Reykjavík’s Laundromat Café is one of the city’s most casual and upbeat places to hang out, whether you want to drink a fine craft beer, enjoy brunch, or—yes—do your laundry. The sister enterprise of the original establishment in Copenhagen, it’s kitted out in a classic American-diner style, with leather stools around a central bar and a smattering of perpetually full tables and booths. The menu spans healthy brunches, Sunday roasts, soups, sandwiches, and burgers, and there’s also a decent list of wines and beers (including local craft beers). Plus there are hundreds of books you can borrow, trade, or buy, board games to play (Yahtzee, backgammon, chess, or cards), and newspapers and magazines to read. Laundry machines can be found in the basement, and there’s a playroom for kids plus a children’s brunch option.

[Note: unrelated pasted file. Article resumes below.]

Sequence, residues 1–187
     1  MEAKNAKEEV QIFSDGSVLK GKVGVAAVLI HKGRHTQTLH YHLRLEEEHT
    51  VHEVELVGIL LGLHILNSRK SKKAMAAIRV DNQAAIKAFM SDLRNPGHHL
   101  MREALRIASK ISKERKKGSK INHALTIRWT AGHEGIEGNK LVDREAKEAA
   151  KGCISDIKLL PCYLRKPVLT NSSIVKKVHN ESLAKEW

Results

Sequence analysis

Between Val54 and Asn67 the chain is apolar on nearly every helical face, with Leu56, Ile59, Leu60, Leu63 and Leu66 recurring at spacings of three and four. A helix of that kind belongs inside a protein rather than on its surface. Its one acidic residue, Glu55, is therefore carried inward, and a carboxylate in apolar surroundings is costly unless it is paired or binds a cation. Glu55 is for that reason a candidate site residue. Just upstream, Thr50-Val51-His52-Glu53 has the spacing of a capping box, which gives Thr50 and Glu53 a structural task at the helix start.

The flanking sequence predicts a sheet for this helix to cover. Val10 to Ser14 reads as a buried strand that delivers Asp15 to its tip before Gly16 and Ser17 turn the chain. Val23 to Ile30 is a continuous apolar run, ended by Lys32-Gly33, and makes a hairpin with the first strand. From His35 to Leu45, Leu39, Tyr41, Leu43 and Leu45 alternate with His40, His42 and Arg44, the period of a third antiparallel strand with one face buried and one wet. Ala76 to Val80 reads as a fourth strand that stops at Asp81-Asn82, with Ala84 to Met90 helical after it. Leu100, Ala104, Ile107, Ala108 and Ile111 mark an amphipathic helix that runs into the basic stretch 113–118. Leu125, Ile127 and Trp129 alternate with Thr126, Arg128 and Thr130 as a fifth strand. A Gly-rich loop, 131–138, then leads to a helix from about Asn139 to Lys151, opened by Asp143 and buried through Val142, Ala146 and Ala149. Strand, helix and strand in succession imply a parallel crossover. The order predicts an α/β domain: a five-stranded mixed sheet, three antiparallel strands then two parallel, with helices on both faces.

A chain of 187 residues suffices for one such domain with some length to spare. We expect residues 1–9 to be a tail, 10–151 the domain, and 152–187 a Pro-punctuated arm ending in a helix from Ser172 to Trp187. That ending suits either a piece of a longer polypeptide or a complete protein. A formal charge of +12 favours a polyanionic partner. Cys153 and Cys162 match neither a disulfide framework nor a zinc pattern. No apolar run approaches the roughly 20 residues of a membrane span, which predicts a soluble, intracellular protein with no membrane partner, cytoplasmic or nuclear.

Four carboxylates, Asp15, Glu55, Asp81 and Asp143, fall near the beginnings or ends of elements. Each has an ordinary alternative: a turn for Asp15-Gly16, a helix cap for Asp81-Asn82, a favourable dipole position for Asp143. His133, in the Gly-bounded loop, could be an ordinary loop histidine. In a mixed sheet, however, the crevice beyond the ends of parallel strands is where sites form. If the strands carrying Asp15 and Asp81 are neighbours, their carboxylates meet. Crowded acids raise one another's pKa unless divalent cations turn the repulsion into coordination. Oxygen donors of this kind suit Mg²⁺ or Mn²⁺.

The name of this restaurant gives a fairly big clue as to its culinary specialty—i.e., fish. But the market part of the name is equally important, since the kitchen espouses a commitment to fresh ingredients, which are usually purchased from local farmers and fishermen. Spread across two floors inside one of central Reykjavík’s oldest buildings, this smartly decorated spot is run by head chef Hrefna Rósa Sætran (part of the Icelandic National Culinary team), and serves not just fish and seafood but also meat and vegetarian dishes, all prepared in an open kitchen that boasts the country’s only robata grill. There is a separate raw bar serving up sushi and sashimi, and a surprisingly funky cocktail and craft beer menu.
Hilton Reykjavík Nordica, 108, Suðurlandsbraut 2, Reykjavík, Iceland